Only 1 in 6 users of internet search engines can tell the difference between unbiased search results and paid advertisements, a new survey finds. Though it polled only adults, the survey’s results underscore the need for educators to teach their students how to understand and evaluate carefully the information they find online–particularly as today’s generation of students increasingly turn to the web as their primary research tool.
The Pew Internet and American Life Project reported on Jan. 23 that internet users in the United States are generally naive when it comes to how search engines work.
The major search engines all return a mix of regular results, based solely on relevance to the search terms entered, and sponsored links, for which a web site has paid money to get displayed more prominently.
Google Inc. marks such ads as “sponsored links,” Yahoo Inc. terms them “sponsor results,” and Microsoft Corp.’s MSN uses “sponsored sites.” Such ads are placed to the right and on top of the regular search results, in some cases highlighted in a different color.
But only 38 percent of web searchers even know of the distinction, according to the Pew survey, and of those, not even half–47 percent–say they can always tell which are paid. That comes out to only 18 percent of all web searchers knowing when a link is paid.
Forty-five percent of web searchers say they would stop using search engines if they thought they weren’t being clear about such payments, yet 92 percent of web searchers say they are confident about their searching abilities.
Deborah Fallows, a senior research fellow at Pew and the study’s author, said the findings were surprising given that the same people are likely to know the difference between television programs and infomercials.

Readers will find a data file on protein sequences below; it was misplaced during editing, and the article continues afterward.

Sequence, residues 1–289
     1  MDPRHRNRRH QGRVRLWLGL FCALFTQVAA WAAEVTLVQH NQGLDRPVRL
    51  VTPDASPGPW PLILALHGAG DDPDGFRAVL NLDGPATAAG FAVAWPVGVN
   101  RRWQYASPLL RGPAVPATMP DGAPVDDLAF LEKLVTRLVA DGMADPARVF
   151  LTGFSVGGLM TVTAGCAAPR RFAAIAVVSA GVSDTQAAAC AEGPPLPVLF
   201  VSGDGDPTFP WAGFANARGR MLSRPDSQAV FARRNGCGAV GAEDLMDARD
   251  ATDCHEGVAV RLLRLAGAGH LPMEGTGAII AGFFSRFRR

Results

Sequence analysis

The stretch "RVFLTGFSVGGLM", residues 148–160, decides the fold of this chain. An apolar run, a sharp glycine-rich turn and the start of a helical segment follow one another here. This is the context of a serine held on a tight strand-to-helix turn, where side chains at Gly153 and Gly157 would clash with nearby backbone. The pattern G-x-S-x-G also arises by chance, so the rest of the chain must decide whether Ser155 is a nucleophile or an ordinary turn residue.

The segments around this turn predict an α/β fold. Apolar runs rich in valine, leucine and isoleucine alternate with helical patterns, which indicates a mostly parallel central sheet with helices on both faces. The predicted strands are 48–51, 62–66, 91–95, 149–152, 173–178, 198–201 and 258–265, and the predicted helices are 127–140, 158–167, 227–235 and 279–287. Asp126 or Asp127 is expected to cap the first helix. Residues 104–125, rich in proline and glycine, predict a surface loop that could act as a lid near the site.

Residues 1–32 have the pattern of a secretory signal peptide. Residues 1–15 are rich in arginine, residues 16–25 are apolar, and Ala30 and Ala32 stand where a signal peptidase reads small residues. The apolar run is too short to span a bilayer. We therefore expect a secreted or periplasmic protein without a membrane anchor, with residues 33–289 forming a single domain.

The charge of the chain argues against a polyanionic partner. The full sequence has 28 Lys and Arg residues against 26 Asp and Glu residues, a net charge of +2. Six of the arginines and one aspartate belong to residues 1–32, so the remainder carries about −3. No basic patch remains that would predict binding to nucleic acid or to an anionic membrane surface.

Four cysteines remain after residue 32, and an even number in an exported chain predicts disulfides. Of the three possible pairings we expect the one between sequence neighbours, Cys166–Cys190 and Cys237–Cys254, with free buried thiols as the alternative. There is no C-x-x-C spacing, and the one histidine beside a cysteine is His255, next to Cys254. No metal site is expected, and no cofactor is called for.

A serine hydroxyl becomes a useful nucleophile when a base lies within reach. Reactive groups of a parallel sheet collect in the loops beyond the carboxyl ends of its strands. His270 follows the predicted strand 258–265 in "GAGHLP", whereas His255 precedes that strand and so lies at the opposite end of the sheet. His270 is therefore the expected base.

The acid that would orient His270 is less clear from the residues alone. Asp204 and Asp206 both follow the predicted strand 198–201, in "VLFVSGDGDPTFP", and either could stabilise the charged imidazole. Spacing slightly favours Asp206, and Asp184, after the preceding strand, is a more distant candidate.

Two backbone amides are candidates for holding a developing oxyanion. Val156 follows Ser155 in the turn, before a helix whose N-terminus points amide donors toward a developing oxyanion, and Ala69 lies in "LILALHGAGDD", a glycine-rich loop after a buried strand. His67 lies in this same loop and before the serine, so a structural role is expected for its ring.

“We’re still in the infancy of the internet,” Fallows said. “People are still kind of so pleased that they can go there, ask for something, and get an answer that it’s kind of not on their radar screen to look in a very scrutinizing way to see what’s in the background there.”
She said the results reflect blind trust on the part of the web searcher rather than “anything nefarious on the part of the search engine.”
Nonetheless, the Consumer Reports WebWatch studied the top 15 search engines and found many of them could do better in disclosing sponsorships, particularly when they practice “paid inclusion.” That is when sites pay to make sure they are included in a search engine’s index, though without guarantees that their links will be displayed more prominently.
The telephone-based Pew study was conducted May 14 through June 17 and involved 2,200 adults, including 1,399 internet users. Results based on internet users have a margin of sampling error of plus or minus 3 percentage points.
The survey results are a reminder that search engines have become an accepted first step in finding information for all age groups, without enough attention paid to deciphering the particular “forms and features” of each search engine, said Nancy Messmer, director of library media technology for the Bellingham, Wash., school system.
“Information literacy is a key focus of instruction for library media specialists in our schools,” Messmer said. “A major part of this is understanding the forms and features of information available online. This starts out for students as scanning the screen to understand how information is represented, knowing what the graphics and symbols stand for, and figuring out the difference between any advertisements and the main information.”
She continued: “When students use search engines on the open internet, a key first question is, ‘Who wrote this information, and is it credible?’ Whenever possible, we lead students to purchased databases of information, but we also teach them critical questions to ask when searching the open internet.”
Pew Internet and American Life Project
Consumer Reports WebWatch